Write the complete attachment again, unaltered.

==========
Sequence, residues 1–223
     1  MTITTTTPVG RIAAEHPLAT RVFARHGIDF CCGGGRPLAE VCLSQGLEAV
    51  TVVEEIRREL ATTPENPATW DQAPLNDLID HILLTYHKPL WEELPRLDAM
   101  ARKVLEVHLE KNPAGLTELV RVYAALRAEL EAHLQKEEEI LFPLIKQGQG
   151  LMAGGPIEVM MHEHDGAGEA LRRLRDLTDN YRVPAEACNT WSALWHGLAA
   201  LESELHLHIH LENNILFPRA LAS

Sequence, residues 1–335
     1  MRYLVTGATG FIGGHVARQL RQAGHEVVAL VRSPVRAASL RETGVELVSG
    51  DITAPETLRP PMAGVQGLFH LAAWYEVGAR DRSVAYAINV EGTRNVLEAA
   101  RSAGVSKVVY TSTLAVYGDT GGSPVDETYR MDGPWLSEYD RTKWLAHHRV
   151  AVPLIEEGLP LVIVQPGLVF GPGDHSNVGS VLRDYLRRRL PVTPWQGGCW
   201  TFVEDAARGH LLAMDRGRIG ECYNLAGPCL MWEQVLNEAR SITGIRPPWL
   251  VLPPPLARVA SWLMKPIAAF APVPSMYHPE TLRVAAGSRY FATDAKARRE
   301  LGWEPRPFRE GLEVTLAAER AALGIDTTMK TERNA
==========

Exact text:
Sequence, residues 1–223
     1  MTITTTTPVG RIAAEHPLAT RVFARHGIDF CCGGGRPLAE VCLSQGLEAV
    51  TVVEEIRREL ATTPENPATW DQAPLNDLID HILLTYHKPL WEELPRLDAM
   101  ARKVLEVHLE KNPAGLTELV RVYAALRAEL EAHLQKEEEI LFPLIKQGQG
   151  LMAGGPIEVM MHEHDGAGEA LRRLRDLTDN YRVPAEACNT WSALWHGLAA
   201  LESELHLHIH LENNILFPRA LAS

Sequence, residues 1–335
     1  MRYLVTGATG FIGGHVARQL RQAGHEVVAL VRSPVRAASL RETGVELVSG
    51  DITAPETLRP PMAGVQGLFH LAAWYEVGAR DRSVAYAINV EGTRNVLEAA
   101  RSAGVSKVVY TSTLAVYGDT GGSPVDETYR MDGPWLSEYD RTKWLAHHRV
   151  AVPLIEEGLP LVIVQPGLVF GPGDHSNVGS VLRDYLRRRL PVTPWQGGCW
   201  TFVEDAARGH LLAMDRGRIG ECYNLAGPCL MWEQVLNEAR SITGIRPPWL
   251  VLPPPLARVA SWLMKPIAAF APVPSMYHPE TLRVAAGSRY FATDAKARRE
   301  LGWEPRPFRE GLEVTLAAER AALGIDTTMK TERNA